When Bad People Happen to Good Art
Bad people can make and love good art. Can good people love bad people’s art?
Judgy words, I know. But certain kinds of conduct bring out the Jeremiah in me.
Harvey Weinstein is a producer, not a director or writer, but entertainment is a collaborative enterprise. Even if the Academy Award-winning women who’ve thanked him from the stage did that from fear of his power, he wielded it over women, men, money and media not only for alleged sexual assault, but also to get movies made. “Shakespeare In Love,” “The King’s Speech,” “Inglourious Basterds,” “Silver Linings Playbook,” “Lion,” “The Artist”: Whatever favorites of yours the Weinsteins produced, he was arguably as essential to their existence, let alone their success, as their directors, writers and actors.
I realize I’m making Harvey Weinstein as responsible for his output as Roman Polanski, Bill Cosby and Woody Allen are for theirs. I do that to use his disgrace as a prompt to wrestle with the pleasures that art and entertainment can offer even when they cohabit with behavior by their creators that makes you want to throw up.
I admit my ambivalence. Do I have to strike “Chinatown” from my top-10 list because Polanski pleaded guilty to raping a 13-year old? Does still finding “The Cosby Show” funny make me the comedian’s co-conspirator? From its first seconds — that glorious montage, that Gershwin — Woody Allen’s “Manhattan” floored me. But after he left Mia Farrow for her adopted daughter, Soon-Yi; after their adopted daughter Dylan claimed he sexually assaulted her at age 7; after Mariel Hemingway said he tried to seduce her when she was a teenager: Has “Manhattan,” a story about a 43-year old hitting on a 17-year old, now become a symptom, a confession, a cry for help? Or is it just the same movie?
It goes beyond entertainers. I’ve been crushed by enough biographies and memoirs of writers, painters, architects and other artists whose work I admire, but who turn out to be brutal spouses, monstrous parents, racists, fascists and worse, that I’m tempted to swear off their life stories entirely.
One example: I loved “The Love Song of J. Alfred Prufrock” until I found out what an anti-Semite T.S. Eliot was. I still don’t know how to process that. I curse how it distracts me from the text. I’m discomfited by the enjoyment I can still get from his poetry. It makes me question the gospel of the liberal arts — the faith that the humanities humanize. If poetry didn’t civilize Eliot, what makes me believe it lofts his readers?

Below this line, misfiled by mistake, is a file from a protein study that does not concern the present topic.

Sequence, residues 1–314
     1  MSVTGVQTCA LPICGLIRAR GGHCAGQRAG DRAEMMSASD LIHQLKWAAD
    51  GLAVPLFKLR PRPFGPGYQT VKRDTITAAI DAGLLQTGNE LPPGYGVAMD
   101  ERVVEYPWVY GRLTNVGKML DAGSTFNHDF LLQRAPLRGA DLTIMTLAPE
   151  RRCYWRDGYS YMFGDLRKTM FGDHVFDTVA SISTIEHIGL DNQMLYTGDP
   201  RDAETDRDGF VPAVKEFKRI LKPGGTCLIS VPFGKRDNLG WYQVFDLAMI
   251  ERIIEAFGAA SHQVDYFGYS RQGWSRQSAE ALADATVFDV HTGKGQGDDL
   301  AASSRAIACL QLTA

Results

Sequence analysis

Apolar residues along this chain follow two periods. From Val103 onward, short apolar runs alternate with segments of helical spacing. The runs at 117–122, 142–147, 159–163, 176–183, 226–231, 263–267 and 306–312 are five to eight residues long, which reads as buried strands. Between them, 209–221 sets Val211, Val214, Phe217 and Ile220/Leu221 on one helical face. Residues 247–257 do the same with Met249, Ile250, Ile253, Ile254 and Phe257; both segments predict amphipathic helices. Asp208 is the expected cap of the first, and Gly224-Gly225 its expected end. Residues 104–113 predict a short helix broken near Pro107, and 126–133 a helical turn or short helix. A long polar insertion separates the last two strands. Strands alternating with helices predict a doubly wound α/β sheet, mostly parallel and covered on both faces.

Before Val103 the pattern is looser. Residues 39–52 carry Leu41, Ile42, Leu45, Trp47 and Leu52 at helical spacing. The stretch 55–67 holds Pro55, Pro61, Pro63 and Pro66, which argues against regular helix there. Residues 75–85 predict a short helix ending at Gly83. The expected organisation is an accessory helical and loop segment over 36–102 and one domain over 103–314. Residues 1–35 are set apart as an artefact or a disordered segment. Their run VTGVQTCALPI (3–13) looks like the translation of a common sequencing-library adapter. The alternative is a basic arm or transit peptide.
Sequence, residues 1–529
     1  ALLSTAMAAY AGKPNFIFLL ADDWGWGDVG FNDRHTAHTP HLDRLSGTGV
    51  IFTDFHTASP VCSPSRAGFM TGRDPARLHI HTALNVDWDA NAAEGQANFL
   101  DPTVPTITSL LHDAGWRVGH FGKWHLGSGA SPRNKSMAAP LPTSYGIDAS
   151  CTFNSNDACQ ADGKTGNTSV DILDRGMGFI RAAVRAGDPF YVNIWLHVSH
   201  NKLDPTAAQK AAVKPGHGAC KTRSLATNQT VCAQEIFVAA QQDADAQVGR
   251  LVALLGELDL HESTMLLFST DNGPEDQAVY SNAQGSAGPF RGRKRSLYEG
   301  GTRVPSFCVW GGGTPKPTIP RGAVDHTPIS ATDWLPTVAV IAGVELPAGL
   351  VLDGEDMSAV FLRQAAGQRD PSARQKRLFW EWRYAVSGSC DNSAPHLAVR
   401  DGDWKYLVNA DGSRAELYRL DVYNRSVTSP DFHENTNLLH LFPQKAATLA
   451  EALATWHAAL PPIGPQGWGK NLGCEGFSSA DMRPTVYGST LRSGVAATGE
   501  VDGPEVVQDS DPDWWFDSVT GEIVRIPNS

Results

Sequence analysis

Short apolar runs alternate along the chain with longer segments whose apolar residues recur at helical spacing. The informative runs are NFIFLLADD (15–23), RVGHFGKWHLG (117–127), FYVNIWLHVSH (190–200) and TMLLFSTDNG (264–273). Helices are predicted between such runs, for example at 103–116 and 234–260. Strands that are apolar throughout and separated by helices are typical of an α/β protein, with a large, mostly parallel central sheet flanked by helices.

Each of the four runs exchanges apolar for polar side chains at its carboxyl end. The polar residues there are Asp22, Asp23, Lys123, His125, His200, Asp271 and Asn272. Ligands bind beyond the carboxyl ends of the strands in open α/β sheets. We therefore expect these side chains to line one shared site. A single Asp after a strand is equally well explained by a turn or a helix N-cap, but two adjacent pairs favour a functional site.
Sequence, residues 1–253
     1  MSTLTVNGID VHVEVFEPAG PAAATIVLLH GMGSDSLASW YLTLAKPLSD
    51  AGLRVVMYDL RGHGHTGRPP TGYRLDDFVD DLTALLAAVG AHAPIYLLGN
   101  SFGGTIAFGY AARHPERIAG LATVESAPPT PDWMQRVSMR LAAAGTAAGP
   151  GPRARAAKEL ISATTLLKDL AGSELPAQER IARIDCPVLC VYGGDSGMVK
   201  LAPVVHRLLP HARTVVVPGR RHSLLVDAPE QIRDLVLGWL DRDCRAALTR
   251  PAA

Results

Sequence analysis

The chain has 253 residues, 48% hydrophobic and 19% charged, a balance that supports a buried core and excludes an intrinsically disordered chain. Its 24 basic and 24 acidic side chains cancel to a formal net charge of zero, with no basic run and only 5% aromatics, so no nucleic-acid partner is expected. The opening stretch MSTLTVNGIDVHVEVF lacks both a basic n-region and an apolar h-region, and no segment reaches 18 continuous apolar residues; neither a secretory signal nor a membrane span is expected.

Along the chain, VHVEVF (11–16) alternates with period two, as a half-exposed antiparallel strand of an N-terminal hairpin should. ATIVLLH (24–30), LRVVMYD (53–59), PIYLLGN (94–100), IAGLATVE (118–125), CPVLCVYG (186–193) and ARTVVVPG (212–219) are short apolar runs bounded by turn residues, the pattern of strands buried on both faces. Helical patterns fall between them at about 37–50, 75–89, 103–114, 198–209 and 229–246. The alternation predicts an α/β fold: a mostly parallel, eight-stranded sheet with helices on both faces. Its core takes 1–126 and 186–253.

I’ll never forget my first encounter with these words from George Steiner, which led me to become his pupil: “We know that a man can read Goethe or Rilke in the evening, that he can play Bach and Schubert, and go to his day’s work at Auschwitz in the morning.” If you say such a man is reading or hearing wrongly, you’re begging the question. The problem isn’t misinterpretation; it’s the secular church that we’ve built from the arts. It’s a miracle, not a mission, when aesthetic pleasure makes for moral enlightenment.
Hollywood is a business, not a religion, but its stories touch deep chords, and they shape how we see the world and ourselves. When Oscar winners say that their pictures depict “the triumph of the human spirit,” there’s some unctuous self-congratulation in that, but also a truth. Of course a lot of inane schlock gets made and makes money. Some of it is so violent and degrading that I can’t bring myself to watch, and I fear that it serves as a kind of curriculum for some of its viewers. But gorgeous, uplifting work gets done, too, and though some stories include — may even require — violence, sex and foul language on the journey to their endings, those pictures can move moral mountains.
Harvey and Bob Weinstein produced some schlock and some beauts. Both brothers had awful reputations as people to work for and with. Now, because some 50 women have had the courage to accuse Harvey, we know chapter and verse on being a bully and pig in Hollywood. On that evidence, the soaring movies his name is on did nothing to enlighten or redeem their producer. But it would be a pity if his grossness were to deprive us of the light that those creations let shine.